Arabic: الحروف الشمسية (al-ħurúf al-šamsiyyah). This set of letters is probably the one that does the havoc on learners mostly because of the change that they impose on the word when it is defined with "AL". When any of these letters come at the beginning of a word, and then word gets defined with "AL," then the "L" sound of "AL" phonetically disappears and it is merged with the word's beginning, cause this letter to get Shaddah (i.e. being doubled). This doubling act shows as a stress, but not on accent as it is with most of European language (the concept of stress is mostly not applicable in Arabic) but it is to spell the double-letter longer than it normally is, as if speaking two separate syllables (VC-CV) following each other. This happens naturally when a native speaks and as children we didn't really think about why it is the way it is. Now as I am on Duolingo, I realized the matter is not as simple as I thought and non-Arabs really wonder why this is happening. The phonetic explanation for this is, I presume, the following: Unlike the case with lunar letters, the distance or the movement of the tongue inside the mouth between the position for "L" and a solar letter is not so smooth, and to ease the flow of the speech, this merge of "L" into the solar letter occurs and hence the tongue wouldn't have to be making some hard move inside the move or a "long" distance between one position and another, cutting the time required for that, and keeping the flow of phonemes ongoing. This is how imagine it at least. As I said, it is something that comes naturally to natives as we speak.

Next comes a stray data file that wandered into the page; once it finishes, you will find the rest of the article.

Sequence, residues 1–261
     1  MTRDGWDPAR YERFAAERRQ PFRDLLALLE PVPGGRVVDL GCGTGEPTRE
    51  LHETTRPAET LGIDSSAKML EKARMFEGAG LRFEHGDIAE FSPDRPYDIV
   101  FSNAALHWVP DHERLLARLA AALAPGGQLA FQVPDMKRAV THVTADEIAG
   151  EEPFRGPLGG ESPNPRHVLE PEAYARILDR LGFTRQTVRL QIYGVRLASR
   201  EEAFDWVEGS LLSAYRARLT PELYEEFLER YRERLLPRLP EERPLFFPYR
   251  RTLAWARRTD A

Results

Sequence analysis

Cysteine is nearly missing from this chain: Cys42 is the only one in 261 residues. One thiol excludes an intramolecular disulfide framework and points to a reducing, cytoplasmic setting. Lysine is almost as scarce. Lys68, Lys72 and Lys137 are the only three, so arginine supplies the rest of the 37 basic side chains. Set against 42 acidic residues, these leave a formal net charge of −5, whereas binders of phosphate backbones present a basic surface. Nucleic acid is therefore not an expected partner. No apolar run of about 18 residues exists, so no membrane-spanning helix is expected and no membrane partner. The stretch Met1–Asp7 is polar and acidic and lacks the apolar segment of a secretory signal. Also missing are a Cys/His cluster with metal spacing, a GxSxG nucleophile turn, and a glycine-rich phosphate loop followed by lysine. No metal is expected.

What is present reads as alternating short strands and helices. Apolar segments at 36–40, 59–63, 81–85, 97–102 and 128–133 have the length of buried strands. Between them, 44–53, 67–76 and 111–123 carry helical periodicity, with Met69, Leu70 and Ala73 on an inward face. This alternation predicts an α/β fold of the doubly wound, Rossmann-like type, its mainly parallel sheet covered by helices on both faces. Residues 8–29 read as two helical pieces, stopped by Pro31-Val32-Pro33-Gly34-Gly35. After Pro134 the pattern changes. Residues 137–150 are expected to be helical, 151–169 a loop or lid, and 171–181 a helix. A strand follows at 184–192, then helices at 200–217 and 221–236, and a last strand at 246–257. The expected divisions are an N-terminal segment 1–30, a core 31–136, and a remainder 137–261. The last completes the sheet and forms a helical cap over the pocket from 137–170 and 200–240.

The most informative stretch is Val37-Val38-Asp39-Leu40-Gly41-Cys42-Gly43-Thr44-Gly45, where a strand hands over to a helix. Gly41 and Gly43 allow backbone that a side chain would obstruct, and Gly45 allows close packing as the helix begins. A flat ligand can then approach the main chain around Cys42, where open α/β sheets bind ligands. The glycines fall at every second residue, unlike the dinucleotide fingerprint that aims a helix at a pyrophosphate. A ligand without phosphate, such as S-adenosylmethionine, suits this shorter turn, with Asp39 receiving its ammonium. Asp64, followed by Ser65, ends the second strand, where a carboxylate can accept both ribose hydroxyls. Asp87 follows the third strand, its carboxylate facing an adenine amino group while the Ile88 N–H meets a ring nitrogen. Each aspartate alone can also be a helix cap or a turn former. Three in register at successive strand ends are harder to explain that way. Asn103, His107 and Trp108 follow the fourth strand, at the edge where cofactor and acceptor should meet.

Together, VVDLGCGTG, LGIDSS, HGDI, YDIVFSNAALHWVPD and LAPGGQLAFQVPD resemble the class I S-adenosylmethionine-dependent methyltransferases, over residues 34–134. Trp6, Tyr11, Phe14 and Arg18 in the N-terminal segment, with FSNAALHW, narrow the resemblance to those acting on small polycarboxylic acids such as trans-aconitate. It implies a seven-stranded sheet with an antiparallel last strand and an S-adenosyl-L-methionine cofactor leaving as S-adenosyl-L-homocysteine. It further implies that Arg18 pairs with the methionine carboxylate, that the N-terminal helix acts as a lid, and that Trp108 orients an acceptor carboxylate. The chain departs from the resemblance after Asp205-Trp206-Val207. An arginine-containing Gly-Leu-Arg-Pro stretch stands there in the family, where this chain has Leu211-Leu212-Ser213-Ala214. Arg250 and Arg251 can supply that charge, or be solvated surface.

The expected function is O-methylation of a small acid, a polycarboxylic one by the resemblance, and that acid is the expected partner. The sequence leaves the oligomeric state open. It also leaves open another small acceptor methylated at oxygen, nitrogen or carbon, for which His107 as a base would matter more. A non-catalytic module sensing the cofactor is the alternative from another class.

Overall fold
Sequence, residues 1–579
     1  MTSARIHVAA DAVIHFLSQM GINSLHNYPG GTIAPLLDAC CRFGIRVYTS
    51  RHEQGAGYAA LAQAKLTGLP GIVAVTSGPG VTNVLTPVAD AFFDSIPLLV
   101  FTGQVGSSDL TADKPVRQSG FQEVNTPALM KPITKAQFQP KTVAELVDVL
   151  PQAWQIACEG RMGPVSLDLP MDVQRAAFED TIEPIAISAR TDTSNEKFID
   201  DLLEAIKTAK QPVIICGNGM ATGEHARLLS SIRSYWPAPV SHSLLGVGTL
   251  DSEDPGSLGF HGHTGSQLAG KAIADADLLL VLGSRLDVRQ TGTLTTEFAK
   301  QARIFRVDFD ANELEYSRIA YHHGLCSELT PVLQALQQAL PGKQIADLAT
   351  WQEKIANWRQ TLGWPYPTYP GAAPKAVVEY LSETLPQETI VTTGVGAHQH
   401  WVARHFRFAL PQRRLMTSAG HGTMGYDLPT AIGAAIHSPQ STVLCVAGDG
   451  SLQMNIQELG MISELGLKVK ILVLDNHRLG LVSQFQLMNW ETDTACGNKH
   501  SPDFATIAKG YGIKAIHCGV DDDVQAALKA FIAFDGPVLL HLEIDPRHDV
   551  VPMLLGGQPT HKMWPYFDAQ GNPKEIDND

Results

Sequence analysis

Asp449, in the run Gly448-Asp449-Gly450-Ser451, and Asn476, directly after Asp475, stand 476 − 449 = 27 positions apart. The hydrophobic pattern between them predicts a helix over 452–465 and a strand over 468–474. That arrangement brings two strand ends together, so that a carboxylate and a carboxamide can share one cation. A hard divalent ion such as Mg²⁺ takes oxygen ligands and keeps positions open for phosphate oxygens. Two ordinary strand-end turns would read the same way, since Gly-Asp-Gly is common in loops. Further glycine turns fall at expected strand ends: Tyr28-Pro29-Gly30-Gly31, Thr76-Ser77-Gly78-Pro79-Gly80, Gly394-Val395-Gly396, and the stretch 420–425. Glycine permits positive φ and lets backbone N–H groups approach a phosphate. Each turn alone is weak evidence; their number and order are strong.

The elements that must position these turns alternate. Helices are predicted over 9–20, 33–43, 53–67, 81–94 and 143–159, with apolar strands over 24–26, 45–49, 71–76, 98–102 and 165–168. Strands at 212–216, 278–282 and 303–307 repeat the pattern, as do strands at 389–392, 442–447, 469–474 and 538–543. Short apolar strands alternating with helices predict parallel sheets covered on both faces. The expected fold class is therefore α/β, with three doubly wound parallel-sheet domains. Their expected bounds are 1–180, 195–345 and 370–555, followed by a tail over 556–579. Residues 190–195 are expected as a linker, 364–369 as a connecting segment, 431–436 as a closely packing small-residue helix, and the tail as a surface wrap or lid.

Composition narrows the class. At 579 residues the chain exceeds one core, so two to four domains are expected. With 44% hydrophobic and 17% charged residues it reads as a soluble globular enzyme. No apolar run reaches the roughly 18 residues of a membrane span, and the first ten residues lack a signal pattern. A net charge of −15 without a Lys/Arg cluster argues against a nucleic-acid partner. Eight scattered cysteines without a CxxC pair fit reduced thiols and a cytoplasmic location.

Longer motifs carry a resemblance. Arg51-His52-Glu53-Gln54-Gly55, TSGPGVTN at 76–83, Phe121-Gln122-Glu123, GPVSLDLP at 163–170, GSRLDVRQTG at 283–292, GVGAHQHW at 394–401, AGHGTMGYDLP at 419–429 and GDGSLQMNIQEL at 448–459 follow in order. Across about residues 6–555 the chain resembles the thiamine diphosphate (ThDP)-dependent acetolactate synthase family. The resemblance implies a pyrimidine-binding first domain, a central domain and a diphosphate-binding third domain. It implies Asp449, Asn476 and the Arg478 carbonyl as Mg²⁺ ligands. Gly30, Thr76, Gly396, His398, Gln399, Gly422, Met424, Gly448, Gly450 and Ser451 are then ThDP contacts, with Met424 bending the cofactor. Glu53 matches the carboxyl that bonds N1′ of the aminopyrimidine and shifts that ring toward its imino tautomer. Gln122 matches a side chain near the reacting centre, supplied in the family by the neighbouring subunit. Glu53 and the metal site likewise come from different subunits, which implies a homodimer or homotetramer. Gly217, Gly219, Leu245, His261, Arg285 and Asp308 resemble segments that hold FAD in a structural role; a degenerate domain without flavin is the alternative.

Anyway, as we saw above, the Lunar set takes half of the alphabet, and so, the Solar set takes the other half of the alphabet:
ت ث د ذ ر ز س ش ص ض ط ظ ل ن
And now with a sample list of words that start with each letter, and each once with and once without the definite article "AL" to see the difference. Like above, the audio follows and if you like, feel free to download the audio and follow the recitation if that helps you:
- ت: تِبْر - التِّبر (tibr - at-tibr: gold dust - the gold dust).
- ث: ثَوْب - الثَّوْب (þawb - aþ-þawb: dress - the dress).
- د: دَليل - الدَّليل (dalíl - ad-dalíl: guide - the guide).
- ذ: ذَنَب - الذَّنَب (ðanab - að-ðanab: tail - the tail).
- ر: رَبيع - الرَّبيع (rabí3 - ar-rabí3: spring - the spring).
- ز: زَئير - الزَّئير (za'ír - az-za'ír: roar - the roar).
- س: سَراب - السَّراب (saráb - as-saráb: mirage - the mirage).
- ش: شَمْس - الشَّمْس (šams - aš-šams: sun - the sun).
- ص: صَيْف - الصَّيْف (cayf - ac-cayf: summer - the summer).
- ض: ضَباب - الضَّباب (đabáb - ađ-đabáb: fog - the fog).